Your Right To Have A Roommate

Your Right To Have A Roommate

The Roommate Law in New York

In New York State, the law protects the right of certain tenants to live with a roommate regardless of what it says in their leases. This right cannot be waived.

If you are covered by the roommate law (Real Property Law §235-f), but your lease says that you cannot have a roommate, that provision is not valid, and you can ignore it.

Read this information sheet to find out if the roommate law applies to you, and if so, how to assert your rights.

    Legal Disclaimer:

    The information contained on this web page does not constitute legal advice and must not be used as a substitute for the advice of a lawyer qualified to give advice on legal issues pertaining to housing. For more, visit our page on Finding a lawyer.

    This information pertains only to tenants living in New York City.

    Many of your rights depend on the type of housing you live in or your type of tenancy. You may be subject to different laws and have different sets of rights than even neighbors in your own building. Learn which rights and responsibilities apply to you.


    How is a roommate different from a cotenant, a subtenant/subletter, a family member who lives with me, or a guest?

    The word roommate is used in everyday language to describe many types of situations where two or more unrelated people share the same apartment. However, there is a legal distinction between the different types of arrangements, and it’s important to know which one applies to you.

    Your rights vary depending on the arrangement. What matters in court, if you ever end up there, is what the actual situation is, not what you called it.

    Roommate: In this information sheet, a roommate refers only to a person who is not named on the lease of the apartment he/she shares with the prime tenant or leaseholder, and is not to be confused with the following:

    A cotenant is named on the same lease as one or more other people who all share the same apartment. Cotenants equally share the full rights and responsibilities of the tenancy.

    A subtenant or subletter is someone who rents an apartment from the prime tenant (rather than from the landlord) for a period of time when the prime tenant is temporarily away. If someone lives in your apartment while you live elsewhere most of the time, legally that person is not your roommate; he/she is your subletter (either legally or illegally). Many tenants have the right to sublet by law, but you must follow proper procedures and/or obtain written consent from your landlord. If you don’t, it can lead to eviction. (Read more about subletting your apartment.)

    family member is a member of the primary tenant’s family who lives in the apartment but is not named on the lease. Some family members, in certain situations, have succession rights: They can take over the apartment when the prime tenant moves or dies. (Read more about succession rights in rent stabilized and rent controlled apartments.) Also, when determining the right of tenants to have an additional roommate, certain family members are not counted.

    guest or licensee is a person who has permission from the primary tenant to stay in the apartment temporarily, but who has no written agreement and does not pay rent. For example: Your cousin comes to stay with you and sleeps on your couch for a week.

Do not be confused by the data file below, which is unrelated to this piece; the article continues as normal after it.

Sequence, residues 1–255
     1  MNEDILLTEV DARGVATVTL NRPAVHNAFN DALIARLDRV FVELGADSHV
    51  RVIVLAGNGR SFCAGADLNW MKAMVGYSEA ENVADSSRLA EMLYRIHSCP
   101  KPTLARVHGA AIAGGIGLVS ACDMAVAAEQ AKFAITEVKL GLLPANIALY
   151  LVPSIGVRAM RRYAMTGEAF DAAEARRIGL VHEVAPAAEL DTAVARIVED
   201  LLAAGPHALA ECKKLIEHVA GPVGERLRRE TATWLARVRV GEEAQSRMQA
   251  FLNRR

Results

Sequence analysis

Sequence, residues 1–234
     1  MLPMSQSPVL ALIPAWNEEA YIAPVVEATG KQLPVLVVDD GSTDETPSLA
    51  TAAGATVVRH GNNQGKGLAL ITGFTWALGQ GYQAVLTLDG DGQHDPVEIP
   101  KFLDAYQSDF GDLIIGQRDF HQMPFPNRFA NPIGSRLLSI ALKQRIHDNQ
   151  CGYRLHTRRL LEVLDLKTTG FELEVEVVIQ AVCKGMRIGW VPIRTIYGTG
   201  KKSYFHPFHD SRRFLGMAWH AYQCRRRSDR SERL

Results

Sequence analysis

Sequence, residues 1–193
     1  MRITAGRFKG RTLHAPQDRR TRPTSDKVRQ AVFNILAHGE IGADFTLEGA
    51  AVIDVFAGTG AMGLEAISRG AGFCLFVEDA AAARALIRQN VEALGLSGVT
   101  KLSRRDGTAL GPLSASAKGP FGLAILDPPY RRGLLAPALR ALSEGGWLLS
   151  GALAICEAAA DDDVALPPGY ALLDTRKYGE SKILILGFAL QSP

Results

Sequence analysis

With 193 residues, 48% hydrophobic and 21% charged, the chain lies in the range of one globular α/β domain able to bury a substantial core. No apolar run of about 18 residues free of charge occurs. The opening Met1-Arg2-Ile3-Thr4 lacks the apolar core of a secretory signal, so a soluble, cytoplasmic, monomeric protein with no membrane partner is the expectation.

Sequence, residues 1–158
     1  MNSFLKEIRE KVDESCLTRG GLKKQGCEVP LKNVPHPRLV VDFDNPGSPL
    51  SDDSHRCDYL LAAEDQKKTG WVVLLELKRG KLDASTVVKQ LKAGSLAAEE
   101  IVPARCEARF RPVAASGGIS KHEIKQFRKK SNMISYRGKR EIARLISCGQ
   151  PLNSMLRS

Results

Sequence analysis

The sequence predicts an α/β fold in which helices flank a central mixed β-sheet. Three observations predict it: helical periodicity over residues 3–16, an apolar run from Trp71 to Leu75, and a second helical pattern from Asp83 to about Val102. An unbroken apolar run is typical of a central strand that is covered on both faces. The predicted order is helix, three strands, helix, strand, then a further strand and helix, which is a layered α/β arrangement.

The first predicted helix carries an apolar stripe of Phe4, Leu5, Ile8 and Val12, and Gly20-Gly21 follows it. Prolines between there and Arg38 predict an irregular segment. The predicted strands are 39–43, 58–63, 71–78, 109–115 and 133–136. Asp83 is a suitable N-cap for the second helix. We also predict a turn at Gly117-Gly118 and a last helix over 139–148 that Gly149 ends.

Can my family members live with me?

    Immediate family members of the primary tenant who live in the apartment but are not on the lease are not considered roommates. All tenants have a right to live with family members so long as their apartment does not become overcrowded. However, tenants in public housing and subsidized housing must accurately report all household members and their incomes, including when this information changes mid-lease. Failure to do so is grounds for eviction. In some circumstances, criminal convictions can lead individuals to be excluded. Also, exceptions may apply to tenants who receive a rent subsidy or rent exemption (see further in this information sheet for more on this).


    Do I have the right to have a roommate?

    If you live in a privately owned building, and

    If you are the only person who signed your lease (for rent control: if you are the only tenant of record),

    Then you have the right to share your apartment with one other adult not related to you, and that person’s dependent children.

    You do not have a right to a roommate if:

     you live in public housing or most subsidized housing, or

     if two or more people have signed the lease, and your lease does not expressly give you permission to live with an additional person.

    There are additional considerations if you receive a rent subsidy (such as Section 8 or FEPS) or a rent exemption (such as SCRIE or DRIE), or if your rent is based on your income. Most programs require that you report what the roommate pays in rent as part of your income. Failure to accurately report this income can be a serious violation of the program's rules and could lead to termination of the program as well as legal actions. Also, bringing in a roommate may make your income too high to remain eligible for the program. Check your program’s guidelines before taking in household members.